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What Is Functional Neurological Disorder?

Functional neurological disorder (FND) is a condition in which the nervous system does not function correctly, causing symptoms, but in the absence of any diagnosed disease or event, such as stroke. It is a problem with the way the brain sends and receives signals to the body. Also known as conversion disorder, it can cause a wide variety of symptoms that may cause distress and impede normal life function. It is a common diagnosis by neurologists, according to the Royal College of Physicians.

As Dr. Lenny Cohen described, “FND is a condition when one has symptoms yet does not have any organic brain disease to cause such symptoms. One of the most common examples would be pseudoseizures that recently was renamed to non-epileptogenic seizures.”

While the symptoms of FND are real and “not just in your head,” they often exist without any obvious medical explanation. Diagnostic tests like MRIs generally come back without abnormality, leading doctors, for many years, to classify the symptoms as psychological. It is now widely accepted that FND is a problem based in the functioning of the nervous system that can cause pain, distress and mobility issues.

To diagnose FND a physician may run a variety of tests. According to Dr. Cohen, “Even when a physician suspects FND they are still obligated to have a full neurological work up done to rule out other possible causes. [Tests] might include extensive blood work, MRIs, EEGs, etc. FND is considered to be diagnosis of exclusion.”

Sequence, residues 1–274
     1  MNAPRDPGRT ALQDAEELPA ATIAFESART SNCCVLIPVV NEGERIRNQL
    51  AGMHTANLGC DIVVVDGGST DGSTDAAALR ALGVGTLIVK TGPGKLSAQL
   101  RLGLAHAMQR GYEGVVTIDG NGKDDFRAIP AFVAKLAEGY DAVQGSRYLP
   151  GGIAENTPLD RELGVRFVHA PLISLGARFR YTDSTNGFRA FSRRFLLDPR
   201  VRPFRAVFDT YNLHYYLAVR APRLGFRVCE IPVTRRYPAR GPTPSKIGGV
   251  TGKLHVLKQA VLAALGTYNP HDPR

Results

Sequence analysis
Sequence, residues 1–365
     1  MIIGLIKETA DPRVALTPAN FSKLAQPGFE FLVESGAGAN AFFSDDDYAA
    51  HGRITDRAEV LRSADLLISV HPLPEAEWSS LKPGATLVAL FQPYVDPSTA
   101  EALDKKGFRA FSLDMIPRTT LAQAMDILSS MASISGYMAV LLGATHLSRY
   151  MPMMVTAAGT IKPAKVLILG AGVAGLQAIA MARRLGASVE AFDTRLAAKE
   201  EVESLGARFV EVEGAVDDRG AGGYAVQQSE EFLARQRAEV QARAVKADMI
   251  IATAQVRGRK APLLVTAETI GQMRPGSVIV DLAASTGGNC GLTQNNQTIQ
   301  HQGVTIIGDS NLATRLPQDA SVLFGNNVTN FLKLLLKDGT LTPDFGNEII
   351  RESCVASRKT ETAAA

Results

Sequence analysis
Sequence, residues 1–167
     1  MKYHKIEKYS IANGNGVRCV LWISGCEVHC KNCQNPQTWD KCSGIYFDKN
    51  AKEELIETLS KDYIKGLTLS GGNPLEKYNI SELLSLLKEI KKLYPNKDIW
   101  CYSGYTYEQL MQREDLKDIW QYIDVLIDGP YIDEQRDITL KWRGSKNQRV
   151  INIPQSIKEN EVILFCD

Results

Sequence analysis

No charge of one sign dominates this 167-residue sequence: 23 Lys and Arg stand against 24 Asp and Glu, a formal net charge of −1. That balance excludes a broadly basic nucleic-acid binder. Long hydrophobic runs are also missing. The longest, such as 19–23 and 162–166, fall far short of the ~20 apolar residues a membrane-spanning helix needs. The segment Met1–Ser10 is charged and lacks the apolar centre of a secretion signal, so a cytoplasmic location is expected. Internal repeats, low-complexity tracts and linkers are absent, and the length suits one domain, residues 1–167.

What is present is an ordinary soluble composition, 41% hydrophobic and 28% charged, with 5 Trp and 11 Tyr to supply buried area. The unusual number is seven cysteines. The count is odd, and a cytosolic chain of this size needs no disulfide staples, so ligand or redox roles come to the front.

The cause of FND is not known but it may be triggered when there is trauma of a physical or psychological nature, stress, or another neurological disease present. Several risk factors have been identified including stress, mental health conditions, having a family member with FND, a history of abuse or neglect, and the presence of other neurological disorders like multiple sclerosis.

According to the National Organization for Rare Disorders FND can occur when there are neurological symptoms which, instead of resolving, become stuck in a pattern in the nervous system. This results in a change in the functioning of the brain and nervous system and produces symptoms that the patient is not able to control.

There are many symptoms of FND that may be continual or may appear and disappear. Symptoms can continue for some time and hinder an individual’s ability to perform typical functions. Symptoms of FND include:

  • Limb weakness or paralysis
  • Tremors or abnormal movement
  • Problems walking
  • Vision, hearing, or speech problems
  • Seizures or loss of consciousness
  • Dissociation
  • Problems with memory or concentration
  • Tingling or twitching
  • Fainting or blackouts
  • Fatigue or sleep problems
  • Anxiety or depression
  • Chronic pain
  • Bladder and bowel issues

Treatment for FND begins with reassuring the patient that their symptoms are real and that there are a variety of treatments available. For motor issues, physical therapy specifically designed for FND patients has been effective. For patients with seizures or other flares, cognitive behavioral therapy can identify events that bring on symptoms and retrain the brain to manage them. For many FND patients this therapy may be helpful in understanding and emotions and behaviors connected to symptoms or working through the stress of diagnosis.

In the case of trauma-related symptoms specialized therapies may be used. For patients experiencing speech issues speech therapy may be ordered, and occupational therapy may play a role in helping patients manage daily life and work.

A diagnosis of FND may feel confusing at first but there are supports and treatments available. For more information visit the Functional Neurological Disorder Society or FND Hope.

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